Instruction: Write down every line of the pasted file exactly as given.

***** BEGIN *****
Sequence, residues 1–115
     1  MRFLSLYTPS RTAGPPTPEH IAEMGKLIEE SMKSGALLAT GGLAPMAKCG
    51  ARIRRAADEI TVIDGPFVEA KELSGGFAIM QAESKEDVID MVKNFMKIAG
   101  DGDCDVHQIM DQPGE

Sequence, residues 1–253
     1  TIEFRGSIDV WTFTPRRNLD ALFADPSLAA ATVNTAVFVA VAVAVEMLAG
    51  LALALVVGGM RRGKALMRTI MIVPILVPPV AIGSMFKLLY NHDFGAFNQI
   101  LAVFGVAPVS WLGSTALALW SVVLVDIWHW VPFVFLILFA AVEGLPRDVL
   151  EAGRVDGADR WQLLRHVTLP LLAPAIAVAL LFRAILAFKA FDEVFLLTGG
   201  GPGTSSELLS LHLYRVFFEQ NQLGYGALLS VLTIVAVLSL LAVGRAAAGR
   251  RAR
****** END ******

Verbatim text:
Sequence, residues 1–115
     1  MRFLSLYTPS RTAGPPTPEH IAEMGKLIEE SMKSGALLAT GGLAPMAKCG
    51  ARIRRAADEI TVIDGPFVEA KELSGGFAIM QAESKEDVID MVKNFMKIAG
   101  DGDCDVHQIM DQPGE

Sequence, residues 1–253
     1  TIEFRGSIDV WTFTPRRNLD ALFADPSLAA ATVNTAVFVA VAVAVEMLAG
    51  LALALVVGGM RRGKALMRTI MIVPILVPPV AIGSMFKLLY NHDFGAFNQI
   101  LAVFGVAPVS WLGSTALALW SVVLVDIWHW VPFVFLILFA AVEGLPRDVL
   151  EAGRVDGADR WQLLRHVTLP LLAPAIAVAL LFRAILAFKA FDEVFLLTGG
   201  GPGTSSELLS LHLYRVFFEQ NQLGYGALLS VLTIVAVLSL LAVGRAAAGR
   251  RAR